Heads of Laboratories
Ribosomes, molecular machines that catalyze protein synthesis in cells, must be able to accurately and completely translate messenger RNA into synthesized proteins that function in all domains of life. Dr. Klinge is interested in the structure and function of the proteins required for the assembly of the eukaryotic ribosome.
Ribosomes are giant molecular machines that are responsible for decoding the information contained in messenger RNA to synthesize proteins in all domains of life. Ribosome maturation, the process by which ribosomes are synthesized, is a very complex process, which involves approximately 200 factors in eukaryotes, of which most are essential for viability. These factors are involved in all stages of ribosome maturation, from transcription of ribosomal RNA in the nucleolus to export into the cytoplasm, where final stages of maturation occur. Our knowledge of the molecular machinery responsible for ribosome maturation is currently limited by a lack of structural information. Although work on the prokaryotic ribosome has advanced with structural studies of several important functional complexes, there had until recently been no atomic-level structural information about corresponding eukaryotic subunits. In contrast to their prokaryotic homologues, eukaryotic ribosomes are substantially larger, and this increase in size is accompanied by an overall increase in complexity.
As a postdoc, Dr. Klinge solved the 3.5-Ångström crystal structure of the Tetrahymena thermophila 60S ribosomal subunit, the first atomic description of any large eukaryotic ribosomal subunit. The structure illustrates the complex functional architecture of the eukaryotic 60S subunit, which comprises an intricate network of interactions between eukaryote-specific ribosomal protein features and RNA expansion segments. Eukaryote-specific elements cluster in two regions of the solvent-exposed side. In contrast to the prokaryotic 50S subunit, in which ribosomal proteins are isolated entities, the 60S ribosomal proteins are largely interconnected, giving rise to an intricate network of interactions. Eukaryote-specific proteins frequently fulfill key structural roles by interacting with RNA expansion segments. The structure further reveals the roles of eukaryotic ribosomal protein elements in the stabilization of the active site, since proteins in the vicinity of the catalytic center form an interconnected module.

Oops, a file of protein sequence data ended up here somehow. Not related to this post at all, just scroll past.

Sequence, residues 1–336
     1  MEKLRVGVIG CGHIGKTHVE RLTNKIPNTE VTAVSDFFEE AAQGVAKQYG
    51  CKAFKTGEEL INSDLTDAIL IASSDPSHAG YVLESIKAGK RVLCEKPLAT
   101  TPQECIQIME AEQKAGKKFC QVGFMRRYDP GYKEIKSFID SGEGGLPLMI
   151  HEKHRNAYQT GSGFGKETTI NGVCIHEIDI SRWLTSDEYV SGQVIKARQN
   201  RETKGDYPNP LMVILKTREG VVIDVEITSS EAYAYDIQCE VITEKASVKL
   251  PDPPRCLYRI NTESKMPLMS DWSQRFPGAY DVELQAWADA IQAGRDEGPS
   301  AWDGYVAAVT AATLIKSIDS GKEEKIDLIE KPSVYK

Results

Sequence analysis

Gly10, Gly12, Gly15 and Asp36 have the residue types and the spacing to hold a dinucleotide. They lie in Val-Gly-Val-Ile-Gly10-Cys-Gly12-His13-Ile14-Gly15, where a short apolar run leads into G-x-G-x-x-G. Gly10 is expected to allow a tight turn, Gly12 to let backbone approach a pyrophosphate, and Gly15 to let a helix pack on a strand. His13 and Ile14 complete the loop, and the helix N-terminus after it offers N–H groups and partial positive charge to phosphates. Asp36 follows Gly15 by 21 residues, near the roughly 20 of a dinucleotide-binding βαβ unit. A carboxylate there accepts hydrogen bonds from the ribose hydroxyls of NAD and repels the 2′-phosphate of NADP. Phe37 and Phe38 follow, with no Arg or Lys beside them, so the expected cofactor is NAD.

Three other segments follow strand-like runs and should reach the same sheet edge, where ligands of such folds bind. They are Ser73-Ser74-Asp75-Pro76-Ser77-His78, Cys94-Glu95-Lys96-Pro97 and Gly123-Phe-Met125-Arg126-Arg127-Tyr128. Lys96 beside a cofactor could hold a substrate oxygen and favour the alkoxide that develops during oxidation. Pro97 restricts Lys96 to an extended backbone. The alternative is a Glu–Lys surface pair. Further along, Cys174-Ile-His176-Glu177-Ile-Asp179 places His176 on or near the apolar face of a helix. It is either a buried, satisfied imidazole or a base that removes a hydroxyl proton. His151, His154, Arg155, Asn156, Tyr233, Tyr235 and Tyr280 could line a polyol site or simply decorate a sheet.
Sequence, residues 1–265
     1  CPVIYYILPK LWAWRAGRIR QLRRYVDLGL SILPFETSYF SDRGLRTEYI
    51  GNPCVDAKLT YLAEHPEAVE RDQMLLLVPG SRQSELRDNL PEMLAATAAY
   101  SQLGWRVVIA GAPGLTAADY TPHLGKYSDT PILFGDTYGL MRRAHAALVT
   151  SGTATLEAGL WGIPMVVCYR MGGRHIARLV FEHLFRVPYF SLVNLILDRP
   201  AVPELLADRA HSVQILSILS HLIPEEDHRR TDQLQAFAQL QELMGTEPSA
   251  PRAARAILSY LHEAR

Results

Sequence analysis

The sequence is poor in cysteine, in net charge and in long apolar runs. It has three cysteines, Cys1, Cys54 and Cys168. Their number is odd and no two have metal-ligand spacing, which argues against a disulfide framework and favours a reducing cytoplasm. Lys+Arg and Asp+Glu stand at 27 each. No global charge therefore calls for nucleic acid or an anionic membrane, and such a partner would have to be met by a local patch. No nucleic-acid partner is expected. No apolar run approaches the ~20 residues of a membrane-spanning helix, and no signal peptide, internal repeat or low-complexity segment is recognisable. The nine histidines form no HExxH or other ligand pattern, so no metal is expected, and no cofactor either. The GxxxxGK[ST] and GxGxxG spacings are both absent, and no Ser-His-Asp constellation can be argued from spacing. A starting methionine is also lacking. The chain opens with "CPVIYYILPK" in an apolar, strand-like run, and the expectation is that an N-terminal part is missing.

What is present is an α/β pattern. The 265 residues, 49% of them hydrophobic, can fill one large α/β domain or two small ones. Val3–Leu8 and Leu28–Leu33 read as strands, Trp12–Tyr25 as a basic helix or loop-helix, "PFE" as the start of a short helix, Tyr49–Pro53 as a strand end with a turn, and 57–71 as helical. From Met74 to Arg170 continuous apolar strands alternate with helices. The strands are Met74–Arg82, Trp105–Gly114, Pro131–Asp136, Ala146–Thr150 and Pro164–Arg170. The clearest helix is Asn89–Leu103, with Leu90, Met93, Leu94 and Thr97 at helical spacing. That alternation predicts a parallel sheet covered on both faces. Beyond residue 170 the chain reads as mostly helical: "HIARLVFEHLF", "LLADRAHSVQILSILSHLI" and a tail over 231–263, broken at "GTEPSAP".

At Rockefeller, Dr. Klinge works to solve the structures of macromolecular assemblies that catalyze key steps of ribosome maturation in eukaryotes. Structural information about these assemblies will represent a structural framework to understand the function of the complexes, and it will further provide a cornerstone for subsequent biochemical analysis.
Ultimately, Dr. Klinge hopes to reconstitute the initial stages of ribosome biogenesis in vitro. Such a system would facilitate the mechanistic study of different processing steps and allow for the isolation of specific intermediates, which cannot be obtained in vivo and may therefore provide novel approaches to study ribosome biogenesis.
Dr. Klinge, a native of Germany, received his B.A. and Ph.D. in biochemistry from the University of Cambridge in 2005 and 2009, respectively. He was a postdoc in Nenad Ban’s laboratory at ETH Zurich in Switzerland from 2009 to 2013. He came to Rockefeller as assistant professor in 2013.
Dr. Klinge has been the recipient of fellowships from the Bill & Melinda Gates Foundation, the European Molecular Biology Organization and the Human Frontier Science Program.
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